• In the last 18 months, the California Symphony grew active accounts (i.e. accounts with any ticket purchase or donation activity) by 35%.
  • Over the last year alone, we increased new subscriber households by 29% and increased first year renewal rates by 10%, all in addition to an overall renewal rate of 80%.
  • Our number of donor households has nearly quadrupled in the last two seasons; individual giving revenue has increased by 51%.
  • Concert hall paid capacity now averages 90% this season, up from 78% three seasons ago. Plus, this increase is while adding more concerts (i.e. more sales inventory).
  • In the first year of implementing these patron loyalty steps, we have increased first time attendee retention to 22%, meaning that 22% of new attendees who came in the 2014–15 season returned within 12 months of their first purchase. More on this here.
  • The subscription donation campaign (i.e. for all those segments that do receive a donation ask during the season ticket renewal period) resulted in a 50% increase in total money raised this season over last season.

We repeat: the work is worth it. So use this Valentine’s Day month to start thinking about the ways you can love, court, woo, and wow your patrons. We hope this post helps you do just that.

Later this year we’ll conclude our audience development series with a post on the less fun segments of lapsed donors, unrenewed subscribers, and lapsed ticket buyers. In other words, what’s plan B when plan A doesn’t work.

Aubrey Bergauer, Executive Director, California Symphony
Aubrey Bergauer defies trends, and then makes her own. In a time when most arts organizations are scaling back programs, tightening budgets, and seeing declines in tickets and subscriptions, Bergauer has dramatically increased earned and contributed revenue at organizations ranging from Seattle Opera to the Bumbershoot Music & Arts Festival to the California Symphony. Her focus on not just engaging — but retaining — new audiences grew Seattle Opera’s BRAVO! Club (young patrons group for audience members in their 20’s and 30’s) to the largest group of its kind nationwide, led the Bumbershoot Festival to achieve an unprecedented 43% increase in revenue, and propelled the California Symphony to quadruple the size of its donor base. From growing audiences, increasing concerts, and expanding programs to instilling and achieving common goals across what are usually siloed marketing, development, and artistic departments, Bergauer is someone you want to follow — on the nationally-recognized blog she created to discuss what actually works in a changing arts landscape, and in real life, too.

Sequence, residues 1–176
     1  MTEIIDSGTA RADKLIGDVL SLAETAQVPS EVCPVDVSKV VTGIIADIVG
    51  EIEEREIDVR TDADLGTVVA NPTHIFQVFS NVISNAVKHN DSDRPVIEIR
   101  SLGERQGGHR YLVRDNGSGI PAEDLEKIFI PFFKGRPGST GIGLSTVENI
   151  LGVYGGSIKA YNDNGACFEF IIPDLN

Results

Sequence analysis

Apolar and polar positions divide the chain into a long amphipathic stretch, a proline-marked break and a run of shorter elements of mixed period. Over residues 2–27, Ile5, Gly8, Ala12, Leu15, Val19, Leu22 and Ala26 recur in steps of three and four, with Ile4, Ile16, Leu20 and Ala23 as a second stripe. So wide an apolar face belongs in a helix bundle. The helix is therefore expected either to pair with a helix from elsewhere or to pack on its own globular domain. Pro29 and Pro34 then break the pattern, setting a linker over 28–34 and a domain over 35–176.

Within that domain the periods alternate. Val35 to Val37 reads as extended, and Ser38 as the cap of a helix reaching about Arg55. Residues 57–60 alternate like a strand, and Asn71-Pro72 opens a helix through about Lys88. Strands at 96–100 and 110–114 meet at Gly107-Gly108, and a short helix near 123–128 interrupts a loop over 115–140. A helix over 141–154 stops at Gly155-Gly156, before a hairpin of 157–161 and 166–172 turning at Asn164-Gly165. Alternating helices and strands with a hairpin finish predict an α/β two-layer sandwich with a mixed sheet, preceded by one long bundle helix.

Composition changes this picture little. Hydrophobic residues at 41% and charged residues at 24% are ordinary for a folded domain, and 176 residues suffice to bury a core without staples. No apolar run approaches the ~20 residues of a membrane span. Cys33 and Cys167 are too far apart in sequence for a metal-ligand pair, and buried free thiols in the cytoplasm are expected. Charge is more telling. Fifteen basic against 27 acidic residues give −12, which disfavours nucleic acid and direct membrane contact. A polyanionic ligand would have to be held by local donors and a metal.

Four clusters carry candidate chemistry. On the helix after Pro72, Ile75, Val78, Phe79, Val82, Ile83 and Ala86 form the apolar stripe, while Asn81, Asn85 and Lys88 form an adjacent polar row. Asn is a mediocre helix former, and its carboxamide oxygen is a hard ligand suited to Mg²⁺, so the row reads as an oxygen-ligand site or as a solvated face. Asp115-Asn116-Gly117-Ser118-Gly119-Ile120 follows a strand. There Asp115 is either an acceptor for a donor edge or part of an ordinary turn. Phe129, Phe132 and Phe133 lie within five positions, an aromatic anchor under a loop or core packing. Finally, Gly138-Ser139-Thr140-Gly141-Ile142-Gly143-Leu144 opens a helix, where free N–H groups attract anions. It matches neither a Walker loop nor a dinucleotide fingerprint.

A graduate of Rice University with degrees in Music Performance and Business, for the last 15 years Bergauer has used music to make the world around her better, through programs that champion social justice and equality, through ground-breaking marketing and audience development tactics on the forefront of technology, and through taking strategically calculated risks in a risk-adverse field. If ideas are a dime a dozen, what separates Bergauer is her experience and record of impact and execution at institutions of all sizes. Praised for her leadership which “points the way to a new style of audience outreach,” (Wall Street Journal) and which drove the California Symphony to become “the most forward-looking music organization around.” (Mercury News) Bergauer’s ability to strategically and holistically examine and advance every facet of the organization’s mission and vision is creating a transformational change in the office, on the stage, in the audience, in the community, and going well beyond the industry of classical music.

“The Steve Jobs of classical music.” (Observer) Working to change the narrative for this business.